If you've ever sat in the dentist chair, you've probably heard the dentist bark out commands to the dental assistant in what sounds like another language.
"Pathogens found on mesial buccal, #8 & #9" means you have some food stuck in your teeth.
Just like dentists, project managers have their own 'language'-- words and phrases used primarily in our industry and not always used or understood by people
that don't work regularly with project managers.
If you find yourself working with a PM, and can't understand what they're talking about, hopefully this guide to common terms will help. Some of the most common
terms are listed on this page, and you can click on the external links for a more complete list of terms here:
More Terms (with more complete definitions):
In-Depth PM Terminology
Note: The defintions provided here are over simplified to provide a 'high level' definition to non PMs (and possibly a smile), the external links
provide more formal definitions and more detail.
"We hope your progressive elaboration of discovery will create a deliverable of increased utilization baselines for you as a resource."
(Translation: We hope this helps you.)
Activity Duration Estimating:
A best guest/estimate of how long it will take to do something.
In what order should we do things? What should we do first, second, third, etc.?
For planning purposes, we say it's true. If it's not, there could be trouble.
Once all the planning is done, our best guess of what the project should look like. Provides a way to compare what we planned with what actually happens later.
Everyone else is doing it (and it seems to be working for them).
We're all working in the same place (office, city, etc.).
Contract Statement of Work (SOW):
What needs to be done to complete the project, written out in longhand.
What we do best.
Cost of Quality:
How much extra we have to spend to make sure we produce a good product.
Cost Performance Index (CPI):
How effecient are we at staying on budget? (expressed as a number -- above 1 = good, below 1 = bad.)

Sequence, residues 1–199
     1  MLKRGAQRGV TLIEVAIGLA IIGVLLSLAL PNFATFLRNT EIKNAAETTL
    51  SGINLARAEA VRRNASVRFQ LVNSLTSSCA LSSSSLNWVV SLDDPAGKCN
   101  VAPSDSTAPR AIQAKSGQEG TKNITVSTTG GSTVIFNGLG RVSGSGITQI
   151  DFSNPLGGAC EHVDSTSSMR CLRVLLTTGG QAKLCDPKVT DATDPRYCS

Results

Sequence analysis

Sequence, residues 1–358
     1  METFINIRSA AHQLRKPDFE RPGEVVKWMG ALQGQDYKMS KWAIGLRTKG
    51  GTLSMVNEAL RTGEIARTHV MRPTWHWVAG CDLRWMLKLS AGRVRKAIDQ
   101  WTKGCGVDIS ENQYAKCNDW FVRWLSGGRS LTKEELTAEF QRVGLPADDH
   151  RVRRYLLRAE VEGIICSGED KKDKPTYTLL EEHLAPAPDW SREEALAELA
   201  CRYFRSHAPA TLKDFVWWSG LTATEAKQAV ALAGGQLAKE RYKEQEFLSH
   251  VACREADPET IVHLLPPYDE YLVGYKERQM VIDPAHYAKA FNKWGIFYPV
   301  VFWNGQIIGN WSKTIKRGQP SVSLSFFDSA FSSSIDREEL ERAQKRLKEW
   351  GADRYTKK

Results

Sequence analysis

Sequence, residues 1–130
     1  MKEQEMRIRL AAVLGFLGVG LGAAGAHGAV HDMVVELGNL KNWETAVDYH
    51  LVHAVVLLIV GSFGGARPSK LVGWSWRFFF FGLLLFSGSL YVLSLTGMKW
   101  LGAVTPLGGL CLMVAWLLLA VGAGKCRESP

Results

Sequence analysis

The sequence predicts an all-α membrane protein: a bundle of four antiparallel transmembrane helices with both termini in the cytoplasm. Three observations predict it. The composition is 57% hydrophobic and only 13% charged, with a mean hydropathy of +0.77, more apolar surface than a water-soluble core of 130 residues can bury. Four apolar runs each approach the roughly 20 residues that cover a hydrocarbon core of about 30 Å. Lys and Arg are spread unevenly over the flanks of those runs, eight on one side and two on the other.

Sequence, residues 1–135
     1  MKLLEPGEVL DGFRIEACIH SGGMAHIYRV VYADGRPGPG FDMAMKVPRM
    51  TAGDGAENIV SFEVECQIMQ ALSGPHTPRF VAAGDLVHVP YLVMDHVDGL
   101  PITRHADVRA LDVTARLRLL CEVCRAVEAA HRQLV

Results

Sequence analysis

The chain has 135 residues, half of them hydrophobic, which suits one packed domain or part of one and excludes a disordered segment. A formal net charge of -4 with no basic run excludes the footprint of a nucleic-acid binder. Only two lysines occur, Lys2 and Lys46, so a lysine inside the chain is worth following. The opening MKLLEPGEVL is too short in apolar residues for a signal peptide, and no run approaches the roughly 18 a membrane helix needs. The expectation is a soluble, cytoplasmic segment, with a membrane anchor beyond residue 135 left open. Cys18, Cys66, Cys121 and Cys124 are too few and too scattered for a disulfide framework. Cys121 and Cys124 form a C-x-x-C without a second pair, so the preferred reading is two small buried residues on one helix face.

How much over or under budget are we?.
Throwing more people onto the project to try to get it done faster.
All the things that can't be delayed without delaying the entire project.
Breaking things down into smaller parts to make it easier to manage.
The thing(s) you're hoping to get out of the project. (Could be a product, result or ability to perform a service.)
If you stopped the project today, what would you have and what would it be worth?
Estimate at Completion:
At the rate we're going, how over or under budget will this be?
Doing things at the same time that were planned to be done separately -- to speed things up.
Re-arranging your schedule so you're not overbooked.
A system of how you like to run your projects. (See Project Management Methodologies Reference
) for more.
An important event in the project. Often this is a phase ending/beginning or where an important decision has to be made about the
future of the project.
More than one project, all working together for a common goal(s).
Accomplishing something with a beginning and end. In contrast to a process that is ongoing/day-to-day.
A document created at the beginning of the project as an overview.
Everything that needs to be done in the project (and nothing more). Beware of scope's nemesis, 'scope creep'.
Anyone (even remotely) involved in or effected by a project.
The individual activities that make up a project.
"Fast, cheap or good. Pick any two."
Use Case Diagram:
A graphical way of showing how people and systems may interact, similar to a flowchart but more complex.
Use Case Definition & Simple Example
) for more.
Work Breakdown Structure (WBS):
Simplifying the 'big picture' into smaller pieces in an organized way.
An improvised solution created 'on the fly'.